To celebrate the 50th Anniversary of Spaghetti Junction, I’m revisiting some old posts from my previous blog Botany in Birmingham. This one is a continuation of ‘Salford Circus…‘, documenting a trip made in January 2017.
After spending some time at Salford Circus I embarked on a short loop through and around Spaghetti Junction. First a description of the route, then a description of some things that amused and entertained.
I crossed over the Tame Valley Canal and then dropped down from the Lichfield Road via this pleasingly elaborate construction…
…to follow the towpath North West under where the main bulk of the junction lies. Before getting as far as the railway line (Lichfield-Redditch cross city line) I took a left. Following a road for construction and maintenance workers parallel to the train line, the route soon bears left and passes under the Aston Expressway, over the River Tame and into the park that contains Salford Reservoir, aka Aston Reservoir. From here a short stroll around the water, back to Lichfield Road, under Salford Circus and a walk home as it started to rain.
One of the first items of note I came across on the towpath was this rather interesting example of an ash tree:
I admired its spirit but it did make me a little despondent. Especially seeing that it had turned to drink to ease its woes.
The towpath enters a wide and long tunnel. Whilst one can see daylight the other side of it, one can’t necessarily see the likelihood of reaching it alive. However, the tunnel turned out to be an enlightening experience as I came across the following novel idea:
Unfortunately, the trailblazing originator of this idea had not expanded on their proposition. I hope to hear more from them soon. Interestingly the person concerned had framed their political discourse underneath an opening in the roof of the tunnel – one of the only sources of light for some distance.
2022 update: this naturally lit stretch of wall continues to be a constantly changing highlight of this particularly murky length of canal. It’s most recent incarnation can be seen on this excellent BBC article. For once the writer has made effort to use up-to-date images rather than stock photos.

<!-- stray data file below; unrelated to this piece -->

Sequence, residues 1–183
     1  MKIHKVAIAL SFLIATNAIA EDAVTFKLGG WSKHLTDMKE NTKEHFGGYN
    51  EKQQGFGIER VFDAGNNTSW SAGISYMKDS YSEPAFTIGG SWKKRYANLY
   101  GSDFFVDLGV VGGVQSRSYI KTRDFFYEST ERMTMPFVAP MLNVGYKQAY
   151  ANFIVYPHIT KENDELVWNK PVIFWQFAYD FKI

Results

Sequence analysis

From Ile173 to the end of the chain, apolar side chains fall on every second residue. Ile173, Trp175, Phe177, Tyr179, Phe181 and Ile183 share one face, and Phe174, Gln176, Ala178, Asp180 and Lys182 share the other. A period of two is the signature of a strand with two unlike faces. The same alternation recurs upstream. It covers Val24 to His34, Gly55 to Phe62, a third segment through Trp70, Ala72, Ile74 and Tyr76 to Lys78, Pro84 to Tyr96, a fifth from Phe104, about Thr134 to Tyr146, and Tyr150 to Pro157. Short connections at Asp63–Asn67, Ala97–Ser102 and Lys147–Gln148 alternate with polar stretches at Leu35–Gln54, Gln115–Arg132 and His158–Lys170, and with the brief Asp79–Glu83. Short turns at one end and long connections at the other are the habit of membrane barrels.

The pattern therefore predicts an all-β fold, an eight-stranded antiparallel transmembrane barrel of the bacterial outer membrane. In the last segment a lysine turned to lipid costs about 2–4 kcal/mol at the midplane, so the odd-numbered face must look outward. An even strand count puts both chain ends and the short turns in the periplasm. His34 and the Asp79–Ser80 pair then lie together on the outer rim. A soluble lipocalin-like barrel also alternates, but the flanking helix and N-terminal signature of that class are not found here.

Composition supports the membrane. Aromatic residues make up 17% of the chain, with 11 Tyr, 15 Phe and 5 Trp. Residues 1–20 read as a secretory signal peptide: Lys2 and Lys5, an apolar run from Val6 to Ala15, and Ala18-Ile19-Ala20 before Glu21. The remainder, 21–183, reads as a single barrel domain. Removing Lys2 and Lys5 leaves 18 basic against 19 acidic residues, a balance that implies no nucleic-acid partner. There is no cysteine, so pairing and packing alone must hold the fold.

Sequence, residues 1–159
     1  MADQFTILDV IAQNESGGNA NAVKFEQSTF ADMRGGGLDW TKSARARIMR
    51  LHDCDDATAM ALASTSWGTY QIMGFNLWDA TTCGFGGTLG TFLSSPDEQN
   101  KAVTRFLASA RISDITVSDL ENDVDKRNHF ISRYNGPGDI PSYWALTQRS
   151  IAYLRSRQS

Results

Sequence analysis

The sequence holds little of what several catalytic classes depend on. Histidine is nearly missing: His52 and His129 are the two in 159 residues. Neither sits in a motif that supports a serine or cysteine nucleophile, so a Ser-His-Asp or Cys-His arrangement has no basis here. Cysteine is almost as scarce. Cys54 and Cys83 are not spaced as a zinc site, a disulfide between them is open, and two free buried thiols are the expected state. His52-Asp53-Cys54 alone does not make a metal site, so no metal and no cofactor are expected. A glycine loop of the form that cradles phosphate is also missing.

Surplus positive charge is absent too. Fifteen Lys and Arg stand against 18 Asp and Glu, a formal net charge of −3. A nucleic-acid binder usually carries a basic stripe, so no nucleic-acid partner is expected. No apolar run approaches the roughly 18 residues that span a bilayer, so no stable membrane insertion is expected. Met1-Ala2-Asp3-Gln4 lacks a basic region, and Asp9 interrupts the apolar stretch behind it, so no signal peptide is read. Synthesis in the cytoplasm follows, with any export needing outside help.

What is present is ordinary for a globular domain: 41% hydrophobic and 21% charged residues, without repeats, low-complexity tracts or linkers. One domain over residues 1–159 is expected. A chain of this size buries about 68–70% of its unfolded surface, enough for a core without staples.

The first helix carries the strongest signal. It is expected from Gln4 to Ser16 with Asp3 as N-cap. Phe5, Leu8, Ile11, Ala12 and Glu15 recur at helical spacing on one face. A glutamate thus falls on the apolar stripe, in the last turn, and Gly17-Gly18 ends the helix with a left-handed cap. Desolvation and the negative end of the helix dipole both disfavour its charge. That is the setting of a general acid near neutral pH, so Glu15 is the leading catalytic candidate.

Emerging from the tunnel, reborn and shaped anew by the revolutionary ideas I had encountered, I was brought back to reality by the vegetation on the opposite bank of the canal:
It bore a striking resemblance to the scene in the raised beds back at Salford Circus. Whether the trees and ivy had been deliberately planted here or whether they had found their own way, the result was the same. It seems ivy has taken to Spaghetti Junction like Master Splinter to exterior design.
Further along – a patch of recently created bare earth, again on the opposite bank. Possibly interesting only to me. My reasons being that if it remains undisturbed for a good length of time, it will be possible to see the gradual appearance of plants recolonising the area. You might not like it but I’m going to keep you updated anyway.
The route I took headed off to the left, away from the towpath, before the canal headed under the railway line. I wandered over to have a look at the railway bridge before bearing left. The bridge looks like it is constructed from the same blue engineering bricks and lime mortar that make up the large buttressed walls seen when going by train into New Street Station. The brickwork on this bridge offers a home to the same plants that can be seen on those much larger walls. In the photographs below the ubiquitous Buddleja davidii can be seen along with a number of ferns (Harts-tongue fern, Asplenium scolopendrium?) lining the lip of the archway.
On the embankment of the A38(M) or the Aston Expressway, a small colony of Teasel (Dipsacus fullonum) had established itself:
They’re biennial so the decorative flower stalks belong to plants that are now dead and next year will hopefully bring another generation of plants to flower. This chap was obviously a bit of an independently minded plant as he sought a life outside the safety of the fence:
The River Tame had been tantalisingly close for the duration of the walk, but crossing directly over it I could admire it in all its majesty:
The river will be explored in due course and as the oldest natural feature in the area it may well be of some interest. Equally, the alterations and abuses it has suffered may well have stripped it of anything of note. Watch this space.
I was hoping to take a quick dip in Salford Reservoir but this sign made me think twice:
Also, the disproportionately high number of these…
…filled me with concern. Salford Reservoir is an unexpectedly pleasant place. I have seen it many times but have never made the effort to actually go there. Unless you are an angling enthusiast it won’t take up more than 10 minutes of your day to walk around it in its entirety, but those 10 minutes will be rather nice. The water is clear, or certainly compared to the canals, river and puddles that course nearby. (Hopefully the puddles aren’t coursing. That would make them something else and I hate to think what that might be. Come to think of it canals don’t really course either.) The ground on the River Tame side of the reservoir undulates gently around edge the of the water, with the higher parts of the ground planted with small trees. The water itself is edged with a sort of heavy-duty crazy paving so that as the level of the water changes it always looks pleasant. The park also offers excellent views of Spaghetti Junction for those who appreciate such things.
Finally, a quick picture of the bridge that carries the Lichfield Road over the Mighty River Tame:
Well it’s been quite a blast, and at the time of writing I have no idea which direction I shall take next. Will the next exploration take me further afield? Or will I be inspecting some old chewing gum with a microscope? I hope for the sake of anyone who might read it that it is not the latter. We all have our limits.